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Where people are moving to escape poor air quality


Eduardo Munoz Alvarez | Getty Images

While both renters and homeowners are beginning to take climate hazards into consideration, affordability continues to drive moving trends.

Between 2021 and 2022, about 1.2 million more homeowners and renters moved out of than moved into U.S. cities with high risk of poor air quality, according to a new analysis by Redfin, a real estate firm. Metros with low risks of poor air quality saw one million more newcomers in the same timeframe.

“At an individual level, we know that people respond to climate risks and it impacts the decision of exactly what home to buy,” said Daryl Fairweather, chief economist of Redfin.

Researchers at Redfin analyzed domestic migration data from the U.S. Census Bureau and air quality risk scores from First Street Foundation, a nonprofit climate research organization based in New York.

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First Street Foundation labels a metro as “high risk” when at least 10% of properties fall into the major, severe or extreme categories. A “low risk” metro is where less than 10% of properties fall into those categories.

The rating system is based on the number of poor air quality days expected within the next 30 years and it includes two common pollutants: particulate matter, which often comes from wildfire smoke, and ozone, which is when pollutants react with heat or light.

Air quality and affordability are pushing residents out of 13 metros areas, many on the West Coast. Most of the inbound moves are heading into Sunbelt states such as Arizona, Florida, Nevada, North Carolina, South Carolina, Texas and Tennessee. Yet, movers will confront different climate hazards in those areas, said Fairweather.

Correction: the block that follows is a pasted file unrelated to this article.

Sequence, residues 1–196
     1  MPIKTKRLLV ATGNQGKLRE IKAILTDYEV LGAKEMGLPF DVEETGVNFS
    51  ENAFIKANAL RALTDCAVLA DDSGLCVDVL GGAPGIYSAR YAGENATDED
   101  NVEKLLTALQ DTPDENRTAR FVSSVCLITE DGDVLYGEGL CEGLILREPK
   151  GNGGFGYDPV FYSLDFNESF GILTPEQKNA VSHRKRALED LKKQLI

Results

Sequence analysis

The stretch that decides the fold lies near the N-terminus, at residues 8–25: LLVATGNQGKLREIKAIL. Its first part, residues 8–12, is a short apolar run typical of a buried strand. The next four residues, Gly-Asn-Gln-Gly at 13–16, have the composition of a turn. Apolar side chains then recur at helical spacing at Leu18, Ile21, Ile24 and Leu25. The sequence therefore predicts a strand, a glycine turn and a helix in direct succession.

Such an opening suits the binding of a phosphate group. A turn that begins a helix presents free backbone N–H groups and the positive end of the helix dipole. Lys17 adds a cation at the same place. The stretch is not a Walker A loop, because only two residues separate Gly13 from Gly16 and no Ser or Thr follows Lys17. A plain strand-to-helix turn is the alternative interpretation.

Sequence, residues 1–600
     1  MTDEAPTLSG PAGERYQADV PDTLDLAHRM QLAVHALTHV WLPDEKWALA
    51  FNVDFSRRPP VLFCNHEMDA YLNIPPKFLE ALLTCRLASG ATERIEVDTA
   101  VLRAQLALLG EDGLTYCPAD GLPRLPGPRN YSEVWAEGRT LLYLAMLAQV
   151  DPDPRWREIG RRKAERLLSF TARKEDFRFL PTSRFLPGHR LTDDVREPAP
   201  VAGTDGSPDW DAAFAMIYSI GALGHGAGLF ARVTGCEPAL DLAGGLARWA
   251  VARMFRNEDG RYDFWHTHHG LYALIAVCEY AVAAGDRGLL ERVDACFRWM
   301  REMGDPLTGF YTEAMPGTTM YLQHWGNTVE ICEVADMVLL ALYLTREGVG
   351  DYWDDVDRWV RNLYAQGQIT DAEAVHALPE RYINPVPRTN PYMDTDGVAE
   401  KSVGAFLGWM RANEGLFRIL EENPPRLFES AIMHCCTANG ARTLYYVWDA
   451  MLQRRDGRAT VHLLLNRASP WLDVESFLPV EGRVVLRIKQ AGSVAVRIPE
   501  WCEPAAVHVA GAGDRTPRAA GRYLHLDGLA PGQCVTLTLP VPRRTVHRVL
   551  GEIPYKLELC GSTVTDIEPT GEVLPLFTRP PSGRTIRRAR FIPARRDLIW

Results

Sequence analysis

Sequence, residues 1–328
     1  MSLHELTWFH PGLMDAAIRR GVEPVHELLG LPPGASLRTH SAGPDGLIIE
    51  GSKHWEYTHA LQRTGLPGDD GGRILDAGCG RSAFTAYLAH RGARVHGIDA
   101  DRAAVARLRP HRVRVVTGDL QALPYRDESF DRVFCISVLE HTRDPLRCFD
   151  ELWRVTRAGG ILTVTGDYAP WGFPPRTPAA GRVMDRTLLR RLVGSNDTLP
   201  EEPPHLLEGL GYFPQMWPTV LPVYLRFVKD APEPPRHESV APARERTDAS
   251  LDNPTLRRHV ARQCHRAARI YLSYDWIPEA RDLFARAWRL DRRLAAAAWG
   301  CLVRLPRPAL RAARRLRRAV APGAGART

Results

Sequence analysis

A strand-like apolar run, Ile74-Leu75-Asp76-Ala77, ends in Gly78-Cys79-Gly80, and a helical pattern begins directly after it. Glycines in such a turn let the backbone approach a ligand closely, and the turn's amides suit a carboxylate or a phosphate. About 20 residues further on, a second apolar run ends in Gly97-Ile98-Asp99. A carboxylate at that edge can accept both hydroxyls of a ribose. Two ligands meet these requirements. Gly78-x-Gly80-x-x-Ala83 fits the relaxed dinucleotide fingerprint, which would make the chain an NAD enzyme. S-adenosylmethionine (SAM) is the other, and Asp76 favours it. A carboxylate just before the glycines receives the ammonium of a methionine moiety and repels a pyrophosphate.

Much of the Sunbelt “has [a] low air-quality risk but it has high heat risk, high flood risk, high wind risk from things like hurricanes,” she said.

‘We’re already starting to see some shifts’

People are responding to the danger of climate-related risks, Jeremy Porter, head of climate implications research for First Street Foundation, previously told CNBC. 

“We’re already starting to see some shifts in population where people, as they can, they’re moving away from risk and the people that can’t afford to move away from risk are stuck in those risky areas,” said Porter.

When looking at moving trends within counties and cities between 2000 and 2020 paired with flood risks, researchers at First Street Foundation noticed clear signals of people moving away from areas exposed to flooding.

The hidden reason some U.S. homes are losing value

In total, there are more than 2.9 million census blocks or neighborhoods in the U.S. that have levels of flood risk that are above the “tipping point,” or when flood risks begin to outweigh the area’s benefits, such as job markets or proximity to the coast.

Nearly 818,000 neighborhoods in the U.S. experienced a population decline of more than…



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